I make it two blocks farther down Center Street, to Chambers. Here are men in FBI jackets, police squads with heavy firearms. The dust is thick. Out of it walks a man with his daughter on his shoulders, both wearing masks. Others have rags across their mouths. One man is brown and gray from head to toe. This is Lou Lesce:
I was on the 86th floor. The place came down around me. It just filled with smoke, and the whole ceiling fell down. This was No. 1, World Trade Center. There were six of us. We went into an office and sat on the floor. As the smoke increased, we decided to break a window. One of two things could have happened: that the air would rush in, which was fine; or that this would let the smoke in. We broke four windows with a hammer. Fortunately, it gave us air, but it also brought in debris, and flying glass and hot stuff. Then we waited, and were picked up by the Port Authority people, and went down 86 floors. I have to hand it to those people: They stuck by their posts. They were there when everything else was crashing down, personnel comforting one another. And then you'd see the firemen coming up with packs on their backs, weighing 20 or 30 pounds. And they're going up 86 flights! I got separated from the others, because we kept changing stairwells. As one got crowded we'd move on. When I finally got to the mall, I thought it was fine. And all of a sudden, badoom! An explosion, a windstorm of soot. Concrete. I threw myself to the ground, it all went right over my head. Everything went black. And then half an hour later, another explosion. All black. You had to just bear it out, and keep talking and talking, covered in ash. You couldn't even see a flashlight. As for the others, I have no idea. One had my jacket. It was difficult, we couldn't see our way out. I'm going to Bellevue now. I'm just glad to be walking away.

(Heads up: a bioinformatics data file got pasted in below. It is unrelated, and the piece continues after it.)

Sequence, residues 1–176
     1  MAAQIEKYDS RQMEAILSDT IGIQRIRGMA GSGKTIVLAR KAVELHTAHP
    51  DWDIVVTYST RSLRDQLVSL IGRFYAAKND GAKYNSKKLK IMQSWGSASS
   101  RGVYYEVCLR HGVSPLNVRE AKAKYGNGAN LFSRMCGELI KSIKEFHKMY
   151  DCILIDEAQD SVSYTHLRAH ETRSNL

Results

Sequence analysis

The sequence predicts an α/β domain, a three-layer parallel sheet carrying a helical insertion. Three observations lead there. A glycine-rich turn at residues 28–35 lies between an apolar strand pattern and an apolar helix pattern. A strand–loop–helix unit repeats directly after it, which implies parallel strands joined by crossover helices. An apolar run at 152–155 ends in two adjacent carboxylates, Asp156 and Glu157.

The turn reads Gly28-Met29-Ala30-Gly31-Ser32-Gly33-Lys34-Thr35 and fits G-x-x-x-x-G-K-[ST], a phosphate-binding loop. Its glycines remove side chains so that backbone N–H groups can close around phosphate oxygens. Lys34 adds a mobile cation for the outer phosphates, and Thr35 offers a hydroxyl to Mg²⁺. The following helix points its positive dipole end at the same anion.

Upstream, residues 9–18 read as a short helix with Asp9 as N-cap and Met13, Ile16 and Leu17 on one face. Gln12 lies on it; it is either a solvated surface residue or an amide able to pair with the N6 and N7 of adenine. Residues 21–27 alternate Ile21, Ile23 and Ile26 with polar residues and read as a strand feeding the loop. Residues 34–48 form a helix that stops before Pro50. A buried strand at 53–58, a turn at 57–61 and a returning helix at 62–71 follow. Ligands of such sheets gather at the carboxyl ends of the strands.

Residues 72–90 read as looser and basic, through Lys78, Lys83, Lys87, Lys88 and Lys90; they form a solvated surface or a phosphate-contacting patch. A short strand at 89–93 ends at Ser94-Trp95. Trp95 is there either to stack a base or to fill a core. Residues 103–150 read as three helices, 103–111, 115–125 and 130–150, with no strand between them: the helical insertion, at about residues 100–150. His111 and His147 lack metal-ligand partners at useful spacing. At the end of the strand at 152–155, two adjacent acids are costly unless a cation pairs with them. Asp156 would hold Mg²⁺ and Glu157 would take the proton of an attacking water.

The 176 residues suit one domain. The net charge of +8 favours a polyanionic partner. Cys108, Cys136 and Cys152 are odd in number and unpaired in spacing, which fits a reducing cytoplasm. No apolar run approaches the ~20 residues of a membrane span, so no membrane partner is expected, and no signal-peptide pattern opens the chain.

Another man, Edgar Urban, says: "I was standing on Liberty Street. All of a sudden, a plane -- a passenger line -- came out of nowhere right into the building. It looked like slow motion. The plane was coming. It hit the building, and all you see was smoke. I lost it. I ran. Debris was coming down. I ran for cover."
Outside the courthouse at Federal Plaza, an emergency crew was taking a head count. A big man in a gray-blue uniform shook his head:
People were jumping out of the building. Body parts. Mass destruction. Debris all over. It was surreal. Unbelievable. We got 2,000 out of the building before it blew.
This is Bill Faulkner, 53, a senior court officer from Green Park in Brooklyn. He continues:
I was standing right here when the first plane went over. I heard it, some of the guys saw it. Major McBain took about 15 of us down. We got in our jury bus and went. Academy instructors went, too. The second plane had already hit when we got there. Everybody was there. Every ambulance you could think of, every agency. We were placed downstairs at the World Trade, getting the people out, moving them toward Broadway as fast as we could, right to the ambulances. And then the building just blew. I don't know what happened. It just blew. I was close, very close. But I jumped behind a pillar. There was debris, glass, windows, everywhere. Then all smoke. We started to walk along holding on to a window. Me, Eddie, one of my officers, a female police officer, a civilian; there were five or six of us walking along that window, holding on to each other. I couldn't see a thing when I got out. I called on my radio. I said, "I don't know where I am." Someone handed me a bottle of water. I washed my eyes and saw that I was on Broadway, where it splits. Thank God for those windows. Thank God for the pillar. Otherwise I'd have never gotten out. Not all of us made it out. Some of us are still missing.